Gorsuch grilled on abortion, travel ban and torture at hearing day 2

WASHINGTON — Supreme Court nominee Neil Gorsuch said Tuesday that he will “apply the law faithfully and fearlessly” when asked about whether a blanket religious test is consistent with the First Amendment, a reference to President Donald Trump’s travel ban that prevents immigration from six majority Muslim countries.

“We have a Constitution and it does guarantee free exercise and it also guarantees equal protection of the laws and a whole lot else,” Gorsuch said in reply to a question from Sen. Patrick Leahy during his second day of confirmation hearings. “The Supreme Court, in (Zubayadah), said that due process rights extend even to undocumented persons in this country. I will apply the law. I will apply the law faithfully and fearlessly.”

“Anyone, any law is going to get a fair and square deal with me,” he added.

Senators on the Judiciary Committee got their first chance to publicly ask Trump’s nominee questions at the hearing, which is expected to last more than 10 hours.

Gorsuch hits back at claims made by former student

Gorsuch sharply denied accusations made by a former student that he suggested in a law class last year that women unethically use companies for maternity benefits.

Jennifer Sisk, a former student in Gorsuch’s ethics class at the University of Colorado Law School, wrote a letter to the committee saying Gorsuch asked for students’ opinions about a hypothetical scenario, in which, a woman applied for a job at a large law firm and planned to start a family with her husband in the near future.

“He asked the class to raise their hands if they knew of a female who had used a company to get maternity benefits and then left right after having a baby,” she writes.

Sisk writes that at one point Gorsuch “became more animated saying ‘C’mon guys.’ He then announced that all our hands should be raised because ‘many’ women use their companies for maternity benefits and then leave the company after the baby is born.”

Sisk, a registered Democrat who once worked for former Democratic Sen. Mark Udall of Colorado, said she raised her concerns to the school’s administration, but the school apologized Monday night, saying it never notified Gorsuch of the complaint.

Sen. Dick Durbin, D-Illinois, asked Gorsuch about the incident. Gorsuch said he pulled the scenario from a textbook when talking about some of the challenges young lawyers will face in the workforce.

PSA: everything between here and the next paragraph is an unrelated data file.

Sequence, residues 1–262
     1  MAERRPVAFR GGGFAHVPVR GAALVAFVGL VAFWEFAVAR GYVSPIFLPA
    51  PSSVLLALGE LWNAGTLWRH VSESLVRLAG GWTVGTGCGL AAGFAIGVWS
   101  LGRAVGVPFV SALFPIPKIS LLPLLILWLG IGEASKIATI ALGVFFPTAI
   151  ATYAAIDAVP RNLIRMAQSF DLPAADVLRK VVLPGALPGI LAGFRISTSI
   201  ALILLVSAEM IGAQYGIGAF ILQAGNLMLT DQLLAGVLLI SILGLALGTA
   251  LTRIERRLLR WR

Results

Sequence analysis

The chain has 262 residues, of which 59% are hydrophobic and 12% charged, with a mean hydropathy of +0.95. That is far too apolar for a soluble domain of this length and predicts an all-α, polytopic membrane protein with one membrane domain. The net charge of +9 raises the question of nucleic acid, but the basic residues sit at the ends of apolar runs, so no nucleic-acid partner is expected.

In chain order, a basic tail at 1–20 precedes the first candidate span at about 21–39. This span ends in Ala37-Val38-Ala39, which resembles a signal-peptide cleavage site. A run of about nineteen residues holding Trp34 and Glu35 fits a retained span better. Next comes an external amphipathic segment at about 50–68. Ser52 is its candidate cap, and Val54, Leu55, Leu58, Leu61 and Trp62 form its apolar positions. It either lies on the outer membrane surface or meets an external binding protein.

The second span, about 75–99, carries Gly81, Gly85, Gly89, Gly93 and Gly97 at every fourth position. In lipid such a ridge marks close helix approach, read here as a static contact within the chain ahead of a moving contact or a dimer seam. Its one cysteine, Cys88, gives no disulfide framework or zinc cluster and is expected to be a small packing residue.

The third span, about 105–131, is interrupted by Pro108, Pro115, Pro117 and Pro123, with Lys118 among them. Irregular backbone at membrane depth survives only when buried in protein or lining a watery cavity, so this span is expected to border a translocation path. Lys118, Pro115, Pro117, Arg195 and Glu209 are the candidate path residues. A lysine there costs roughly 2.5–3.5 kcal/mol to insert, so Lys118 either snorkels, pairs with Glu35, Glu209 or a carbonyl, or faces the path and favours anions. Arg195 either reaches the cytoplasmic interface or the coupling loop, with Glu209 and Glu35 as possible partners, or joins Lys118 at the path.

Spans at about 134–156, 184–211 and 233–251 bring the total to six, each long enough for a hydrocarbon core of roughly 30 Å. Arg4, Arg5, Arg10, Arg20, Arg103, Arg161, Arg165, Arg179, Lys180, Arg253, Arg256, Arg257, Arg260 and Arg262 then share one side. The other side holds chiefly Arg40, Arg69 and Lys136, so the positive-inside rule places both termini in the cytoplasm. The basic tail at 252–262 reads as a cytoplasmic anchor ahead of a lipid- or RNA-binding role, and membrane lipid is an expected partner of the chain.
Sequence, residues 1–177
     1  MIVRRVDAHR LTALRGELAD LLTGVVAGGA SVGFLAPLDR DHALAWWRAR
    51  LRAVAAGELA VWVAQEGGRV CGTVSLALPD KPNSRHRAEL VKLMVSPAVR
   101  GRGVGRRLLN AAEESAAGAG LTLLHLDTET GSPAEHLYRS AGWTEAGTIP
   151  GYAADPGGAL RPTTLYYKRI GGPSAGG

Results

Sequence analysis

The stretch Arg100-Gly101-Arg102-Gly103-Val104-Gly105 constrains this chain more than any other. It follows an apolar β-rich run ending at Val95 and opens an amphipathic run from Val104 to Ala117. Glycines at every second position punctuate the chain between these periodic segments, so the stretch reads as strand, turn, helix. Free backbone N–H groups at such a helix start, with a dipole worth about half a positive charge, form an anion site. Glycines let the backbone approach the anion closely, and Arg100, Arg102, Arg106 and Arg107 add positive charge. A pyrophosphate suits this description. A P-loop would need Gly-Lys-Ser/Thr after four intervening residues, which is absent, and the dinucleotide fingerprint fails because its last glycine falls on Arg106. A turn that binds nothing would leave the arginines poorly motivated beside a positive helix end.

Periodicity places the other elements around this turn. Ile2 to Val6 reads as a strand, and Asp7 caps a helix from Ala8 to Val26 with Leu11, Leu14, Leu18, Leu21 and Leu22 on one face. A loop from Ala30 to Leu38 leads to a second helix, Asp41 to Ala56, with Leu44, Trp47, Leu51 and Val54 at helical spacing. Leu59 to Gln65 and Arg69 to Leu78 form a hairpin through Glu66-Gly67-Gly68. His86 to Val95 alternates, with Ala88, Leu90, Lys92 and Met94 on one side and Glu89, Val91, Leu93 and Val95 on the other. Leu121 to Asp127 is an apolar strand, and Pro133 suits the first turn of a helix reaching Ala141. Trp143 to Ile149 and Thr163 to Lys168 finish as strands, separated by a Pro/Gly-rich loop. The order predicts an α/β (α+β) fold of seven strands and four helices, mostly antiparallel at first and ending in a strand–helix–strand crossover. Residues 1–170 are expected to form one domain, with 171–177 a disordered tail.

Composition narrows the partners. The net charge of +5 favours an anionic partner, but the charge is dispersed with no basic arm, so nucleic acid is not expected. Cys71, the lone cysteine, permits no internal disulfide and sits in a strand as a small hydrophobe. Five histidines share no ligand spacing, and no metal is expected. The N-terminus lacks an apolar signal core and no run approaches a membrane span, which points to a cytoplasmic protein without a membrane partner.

He said he posed the hypothetical, asking students to weigh in on how they would respond if they faced such a question and then discussed the pros and cons of potential answers.

“I do ask for a show of hands — not about the question you asked, but about the following question, and I ask it of everybody: How many of you have had questions like this asked of you in the employment environment? An inappropriate question about your family planning?” Gorsuch said. “And I am shocked every year senator how many young women raise their hands, it’s disturbing to me.”

Supporters of Gorsuch also put forth statements from three other students who claimed that Sisk inaccurately framed the class discussion.

Roe v. Wade, torture

Gorsuch spent a bulk of the time trying to prove his judicial independence and said the Trump administration never asked him to make promises to rule certain ways on certain decisions.

Asked specifically if he was asked to overrule Roe v. Wade, Gorsuch said no. He was further pressed on what he would have done if Trump had asked him to do so.

“Senator, I would have walked out the door,” Gorsuch said, as the room fell silent. “That’s not what judges do. They don’t do it at that end of Pennsylvania Avenue and they shouldn’t do it at this end either.”

In another sign of independence, Gorsuch appeared to distance himself from the President’s previous comments calling for the reinstatement of torture.

Asked by Leahy whether he thinks the President has the right to authorize torture if it violates law, Gorsuch ticked off a list of precedents that ban torture.